Clostridium difficile contributes mightily to the overall burden of gastrointestinal disease in the United States and was associated with a 237% increase in hospitalizations in the last decade.
Researchers who examined the latest data on the nationwide toll of GI and liver disease also found a 314% rise in hospitalizations related to morbid obesity and a continuing national health burden exacted by reflux symptoms, Barrett’s esophagus, and colorectal cancer.
Video from the American Gastroenterological Association (http://www.youtube.com/amergastroassn)
"We compiled the most recently available statistics on GI symptoms, quality of life, outpatient diagnoses, hospitalizations, costs, mortality, and endoscopic utilization from a variety of publicly and privately held databases," Dr. Anne F. Peery of the University of North Carolina, Chapel Hill, and her colleagues reported in the November issue of Gastroenterology (doi:10.1053/j.gastro.2012.08.002).
"Payers, policy makers, clinicians, and others interested in resource utilization may use these statistics to better understand evolving disease trends, and the best way to meet the challenge of these diseases."
The findings are based on data for 2009, the most recent year for which complete information was available, from the National Ambulatory Medical Care Survey, sponsored by the U.S. Centers for Disease Control and Prevention; the United States National Health and Wellness Survey, sponsored by the private company Kantar Health; the Nationwide Inpatient Sample, sponsored by the Agency for Healthcare Research and Quality; the Surveillance, Epidemiology, and End Results database of the National Cancer Institute; the National Vital Statistics System, sponsored by the National Center for Health Statistics and the CDC; and the Thomson Reuters MarketScan’s databases of commercial, Medicare, and Medicaid records.
Among the findings:
• C. difficile hospitalizations have increased 237% since 2000 and were associated with 4% in-hospital mortality. Now the ninth leading GI cause of mortality, with an absolute increase of 230% in the number of C. difficile–related deaths since 2002, the infection also markedly impairs quality of life and the capacity for work and other activities.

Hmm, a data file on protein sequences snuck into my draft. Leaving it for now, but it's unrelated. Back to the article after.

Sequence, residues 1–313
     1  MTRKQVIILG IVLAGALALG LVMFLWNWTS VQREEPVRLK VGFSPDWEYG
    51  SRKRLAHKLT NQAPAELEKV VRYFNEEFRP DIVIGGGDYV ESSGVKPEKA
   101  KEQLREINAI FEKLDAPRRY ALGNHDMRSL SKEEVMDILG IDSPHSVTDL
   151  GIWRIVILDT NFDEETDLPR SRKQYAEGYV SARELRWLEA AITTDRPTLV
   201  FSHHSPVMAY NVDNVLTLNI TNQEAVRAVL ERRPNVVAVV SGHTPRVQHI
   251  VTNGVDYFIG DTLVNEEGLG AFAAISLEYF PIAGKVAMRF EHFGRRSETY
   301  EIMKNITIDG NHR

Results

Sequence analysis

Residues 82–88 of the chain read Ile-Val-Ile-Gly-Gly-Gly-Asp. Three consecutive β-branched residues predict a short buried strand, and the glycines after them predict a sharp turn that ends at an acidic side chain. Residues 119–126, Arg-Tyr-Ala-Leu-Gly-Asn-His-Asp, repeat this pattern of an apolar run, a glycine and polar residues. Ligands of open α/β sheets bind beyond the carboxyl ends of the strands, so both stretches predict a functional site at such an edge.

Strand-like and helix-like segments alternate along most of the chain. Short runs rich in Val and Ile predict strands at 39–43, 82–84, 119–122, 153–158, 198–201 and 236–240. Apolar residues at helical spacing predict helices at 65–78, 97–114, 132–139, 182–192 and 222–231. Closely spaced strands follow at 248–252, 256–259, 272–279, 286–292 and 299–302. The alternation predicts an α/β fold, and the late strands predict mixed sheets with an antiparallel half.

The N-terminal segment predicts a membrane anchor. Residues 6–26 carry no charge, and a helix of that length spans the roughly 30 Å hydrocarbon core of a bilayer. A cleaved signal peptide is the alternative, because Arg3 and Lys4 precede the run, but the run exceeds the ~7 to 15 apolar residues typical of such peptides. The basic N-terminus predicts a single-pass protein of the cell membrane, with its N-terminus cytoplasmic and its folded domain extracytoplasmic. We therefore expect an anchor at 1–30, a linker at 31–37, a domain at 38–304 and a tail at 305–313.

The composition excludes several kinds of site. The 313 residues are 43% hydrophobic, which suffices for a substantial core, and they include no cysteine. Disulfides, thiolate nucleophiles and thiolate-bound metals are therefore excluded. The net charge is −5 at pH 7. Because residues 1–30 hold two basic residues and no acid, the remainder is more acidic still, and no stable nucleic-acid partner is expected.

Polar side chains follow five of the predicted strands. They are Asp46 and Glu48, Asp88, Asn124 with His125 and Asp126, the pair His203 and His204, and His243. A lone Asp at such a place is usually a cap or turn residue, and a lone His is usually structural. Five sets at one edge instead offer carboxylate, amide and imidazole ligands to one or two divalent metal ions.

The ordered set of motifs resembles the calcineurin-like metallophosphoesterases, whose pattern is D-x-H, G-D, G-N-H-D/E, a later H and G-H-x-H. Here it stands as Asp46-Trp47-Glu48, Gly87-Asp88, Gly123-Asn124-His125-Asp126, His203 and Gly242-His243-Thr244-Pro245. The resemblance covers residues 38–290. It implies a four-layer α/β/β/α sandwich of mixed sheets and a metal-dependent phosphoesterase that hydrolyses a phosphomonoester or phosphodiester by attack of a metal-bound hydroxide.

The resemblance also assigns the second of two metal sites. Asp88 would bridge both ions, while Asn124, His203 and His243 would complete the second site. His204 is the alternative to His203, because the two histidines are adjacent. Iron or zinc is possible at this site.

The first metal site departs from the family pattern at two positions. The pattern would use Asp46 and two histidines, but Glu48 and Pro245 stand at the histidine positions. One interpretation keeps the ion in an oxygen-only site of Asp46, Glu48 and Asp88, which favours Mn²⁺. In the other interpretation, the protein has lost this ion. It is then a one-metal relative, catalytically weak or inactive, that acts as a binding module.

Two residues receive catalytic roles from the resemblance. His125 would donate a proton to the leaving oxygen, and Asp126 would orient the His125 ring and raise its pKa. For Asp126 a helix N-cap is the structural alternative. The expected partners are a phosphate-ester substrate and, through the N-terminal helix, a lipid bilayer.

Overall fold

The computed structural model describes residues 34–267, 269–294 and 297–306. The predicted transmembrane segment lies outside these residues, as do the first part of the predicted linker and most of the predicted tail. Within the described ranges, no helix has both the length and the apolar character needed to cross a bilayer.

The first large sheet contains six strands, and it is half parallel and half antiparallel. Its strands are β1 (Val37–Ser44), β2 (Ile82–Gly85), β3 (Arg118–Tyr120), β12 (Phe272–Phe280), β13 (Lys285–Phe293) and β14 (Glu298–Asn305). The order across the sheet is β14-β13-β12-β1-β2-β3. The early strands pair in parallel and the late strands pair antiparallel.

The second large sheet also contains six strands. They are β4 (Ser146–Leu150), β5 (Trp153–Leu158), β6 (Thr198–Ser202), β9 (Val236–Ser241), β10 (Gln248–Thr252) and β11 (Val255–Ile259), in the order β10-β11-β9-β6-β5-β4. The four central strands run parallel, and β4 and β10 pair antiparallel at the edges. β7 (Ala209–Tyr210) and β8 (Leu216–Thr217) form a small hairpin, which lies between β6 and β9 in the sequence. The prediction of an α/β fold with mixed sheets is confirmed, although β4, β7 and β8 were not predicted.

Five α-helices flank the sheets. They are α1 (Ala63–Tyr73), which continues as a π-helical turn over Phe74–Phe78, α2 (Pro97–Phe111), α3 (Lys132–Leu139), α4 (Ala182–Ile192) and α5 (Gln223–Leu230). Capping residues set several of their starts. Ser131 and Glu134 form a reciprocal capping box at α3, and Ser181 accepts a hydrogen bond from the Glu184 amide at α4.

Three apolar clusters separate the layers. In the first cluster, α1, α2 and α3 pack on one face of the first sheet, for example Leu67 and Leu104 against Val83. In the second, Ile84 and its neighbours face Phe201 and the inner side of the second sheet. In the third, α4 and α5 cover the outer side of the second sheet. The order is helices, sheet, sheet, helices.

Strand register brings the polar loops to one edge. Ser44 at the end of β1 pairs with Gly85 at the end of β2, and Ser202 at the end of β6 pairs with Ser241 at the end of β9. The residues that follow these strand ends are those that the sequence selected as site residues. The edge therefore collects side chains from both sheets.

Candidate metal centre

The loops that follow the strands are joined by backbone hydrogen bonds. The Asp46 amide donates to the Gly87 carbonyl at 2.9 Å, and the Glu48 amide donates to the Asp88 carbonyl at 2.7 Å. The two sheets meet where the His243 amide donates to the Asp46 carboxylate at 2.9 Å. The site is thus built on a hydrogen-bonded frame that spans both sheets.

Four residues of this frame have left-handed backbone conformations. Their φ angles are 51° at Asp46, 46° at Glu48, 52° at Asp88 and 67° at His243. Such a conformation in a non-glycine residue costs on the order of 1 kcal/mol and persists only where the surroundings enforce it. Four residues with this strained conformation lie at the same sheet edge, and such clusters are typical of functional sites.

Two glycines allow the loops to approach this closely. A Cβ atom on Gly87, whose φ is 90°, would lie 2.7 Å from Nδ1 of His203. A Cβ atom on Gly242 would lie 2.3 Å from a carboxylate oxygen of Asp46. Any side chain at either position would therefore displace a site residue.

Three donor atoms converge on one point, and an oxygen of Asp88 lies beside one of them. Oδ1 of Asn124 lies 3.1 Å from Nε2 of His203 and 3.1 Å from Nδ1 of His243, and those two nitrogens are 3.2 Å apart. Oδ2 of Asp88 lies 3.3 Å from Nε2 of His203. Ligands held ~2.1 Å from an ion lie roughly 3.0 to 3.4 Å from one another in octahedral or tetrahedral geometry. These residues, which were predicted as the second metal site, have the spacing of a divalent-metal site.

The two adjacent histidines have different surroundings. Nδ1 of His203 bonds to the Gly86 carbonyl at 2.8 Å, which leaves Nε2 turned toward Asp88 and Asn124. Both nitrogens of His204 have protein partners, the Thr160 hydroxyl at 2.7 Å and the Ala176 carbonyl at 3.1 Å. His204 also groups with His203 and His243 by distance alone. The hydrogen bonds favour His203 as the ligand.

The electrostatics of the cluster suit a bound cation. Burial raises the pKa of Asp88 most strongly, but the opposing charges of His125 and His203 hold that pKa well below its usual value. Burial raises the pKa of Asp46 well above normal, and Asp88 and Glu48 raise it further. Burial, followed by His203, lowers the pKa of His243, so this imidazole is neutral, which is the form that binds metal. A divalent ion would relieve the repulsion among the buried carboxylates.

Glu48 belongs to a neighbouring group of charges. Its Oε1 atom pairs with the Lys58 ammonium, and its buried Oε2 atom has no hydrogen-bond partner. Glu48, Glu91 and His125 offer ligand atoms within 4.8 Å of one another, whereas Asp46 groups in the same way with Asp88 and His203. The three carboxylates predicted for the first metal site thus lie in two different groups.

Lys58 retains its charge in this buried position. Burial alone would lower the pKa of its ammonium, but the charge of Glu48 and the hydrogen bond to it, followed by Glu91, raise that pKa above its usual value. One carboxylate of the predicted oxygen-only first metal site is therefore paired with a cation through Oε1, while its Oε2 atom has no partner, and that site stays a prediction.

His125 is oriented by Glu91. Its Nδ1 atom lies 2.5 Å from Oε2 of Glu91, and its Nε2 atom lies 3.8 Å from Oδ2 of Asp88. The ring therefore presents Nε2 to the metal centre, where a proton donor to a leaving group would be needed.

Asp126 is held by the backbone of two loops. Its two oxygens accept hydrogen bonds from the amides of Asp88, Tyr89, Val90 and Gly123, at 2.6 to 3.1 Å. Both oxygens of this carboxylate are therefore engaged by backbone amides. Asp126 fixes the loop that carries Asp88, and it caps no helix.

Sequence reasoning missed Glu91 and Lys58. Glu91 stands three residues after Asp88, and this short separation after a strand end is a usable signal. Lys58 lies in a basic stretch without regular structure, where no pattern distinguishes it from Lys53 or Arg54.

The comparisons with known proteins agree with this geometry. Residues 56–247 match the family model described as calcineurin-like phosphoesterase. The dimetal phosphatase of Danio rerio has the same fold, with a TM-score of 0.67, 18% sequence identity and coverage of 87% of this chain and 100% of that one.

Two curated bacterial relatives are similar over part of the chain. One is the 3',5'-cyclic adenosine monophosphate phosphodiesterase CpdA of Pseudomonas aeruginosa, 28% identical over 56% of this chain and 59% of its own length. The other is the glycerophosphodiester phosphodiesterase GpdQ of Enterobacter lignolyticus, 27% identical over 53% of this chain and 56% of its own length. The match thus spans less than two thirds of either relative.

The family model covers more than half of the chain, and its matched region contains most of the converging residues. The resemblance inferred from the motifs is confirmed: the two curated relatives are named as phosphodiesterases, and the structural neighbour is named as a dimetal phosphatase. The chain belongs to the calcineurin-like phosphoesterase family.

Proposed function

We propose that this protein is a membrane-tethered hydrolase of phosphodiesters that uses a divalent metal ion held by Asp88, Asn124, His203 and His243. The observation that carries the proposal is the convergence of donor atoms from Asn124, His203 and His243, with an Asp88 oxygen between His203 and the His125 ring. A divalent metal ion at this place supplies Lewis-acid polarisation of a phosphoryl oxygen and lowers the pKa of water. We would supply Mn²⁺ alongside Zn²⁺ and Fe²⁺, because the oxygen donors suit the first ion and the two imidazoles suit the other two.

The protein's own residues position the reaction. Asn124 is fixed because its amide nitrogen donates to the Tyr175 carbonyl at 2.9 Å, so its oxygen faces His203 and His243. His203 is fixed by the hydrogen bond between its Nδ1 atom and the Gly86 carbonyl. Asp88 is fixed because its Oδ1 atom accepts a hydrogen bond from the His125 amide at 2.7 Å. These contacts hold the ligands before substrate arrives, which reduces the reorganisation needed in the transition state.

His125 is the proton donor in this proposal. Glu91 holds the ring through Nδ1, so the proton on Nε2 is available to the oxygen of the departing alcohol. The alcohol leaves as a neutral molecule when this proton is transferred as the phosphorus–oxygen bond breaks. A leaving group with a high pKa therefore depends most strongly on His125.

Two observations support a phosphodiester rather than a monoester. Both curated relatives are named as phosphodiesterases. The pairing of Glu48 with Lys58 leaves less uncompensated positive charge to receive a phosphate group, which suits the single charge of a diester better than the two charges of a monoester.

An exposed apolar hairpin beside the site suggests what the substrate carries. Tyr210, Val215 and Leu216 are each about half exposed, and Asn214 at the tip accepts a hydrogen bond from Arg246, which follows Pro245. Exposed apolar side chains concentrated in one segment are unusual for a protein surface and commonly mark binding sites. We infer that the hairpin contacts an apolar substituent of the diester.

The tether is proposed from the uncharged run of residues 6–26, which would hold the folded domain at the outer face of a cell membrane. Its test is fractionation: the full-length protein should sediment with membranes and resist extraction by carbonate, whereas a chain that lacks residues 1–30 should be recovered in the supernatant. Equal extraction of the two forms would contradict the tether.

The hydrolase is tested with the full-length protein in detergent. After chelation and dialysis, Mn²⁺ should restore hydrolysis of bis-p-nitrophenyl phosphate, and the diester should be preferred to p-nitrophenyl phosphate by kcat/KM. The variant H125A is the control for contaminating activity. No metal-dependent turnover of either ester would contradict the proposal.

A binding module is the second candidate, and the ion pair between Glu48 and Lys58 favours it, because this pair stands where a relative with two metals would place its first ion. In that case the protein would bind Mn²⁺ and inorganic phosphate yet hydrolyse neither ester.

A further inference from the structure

• Hospitalizations related to obesity remained relatively stable since 2000, but those associated with morbid obesity rose by 314%, and many were likely caused by the marked increase in bariatric surgery.
• Gastroesophageal reflux remains the most common GI-associated diagnosis in primary care, accounting for 9 million outpatient visits in 2009, and the most common GI-associated discharge diagnosis, with 4.4 million such diagnoses in 2009. Obesity was associated with 1.7 million discharge diagnoses and constipation with 1 million.
• Barrett’s esophagus accounted for almost half a million outpatient visits in 2009, when an estimated 3.3 million Americans had this diagnosis. Given that endoscopic surveillance is recommended every 3-5 years, Barrett’s contributes substantially to resource utilization.
• Colorectal cancer, with an estimated 147,000 patients diagnosed in 2008, accounts for more than half of all GI cancer diagnoses and continues to be the primary cause of GI-associated mortality. Pancreatic and hepatobiliary cancers are the next most frequently diagnosed GI cancers.
• Of the approximately 2.5 million deaths in the United States in 2009, 10% were attributed to an underlying GI cause. Chronic liver disease and cirrhosis are the 12th leading causes of death in the country.
• The total outpatient cost for GI endoscopy in 2009 was estimated to be $32.4 billion, which is higher than previously published estimates. An estimated 6.9 million upper endoscopies, 11.5 million lower endoscopies, and 228,000 biliary endoscopies were performed in the United States in 2009.
• Chronic liver disease and viral hepatitis were associated with 6% mortality and cost an estimated $1.8 billion per year in inpatient cost.
• Hospitalizations for nonalcoholic fatty liver disease increased 97% since 2000.
This study was supported in part by the National Institutes of Health. No financial conflicts of interest were reported.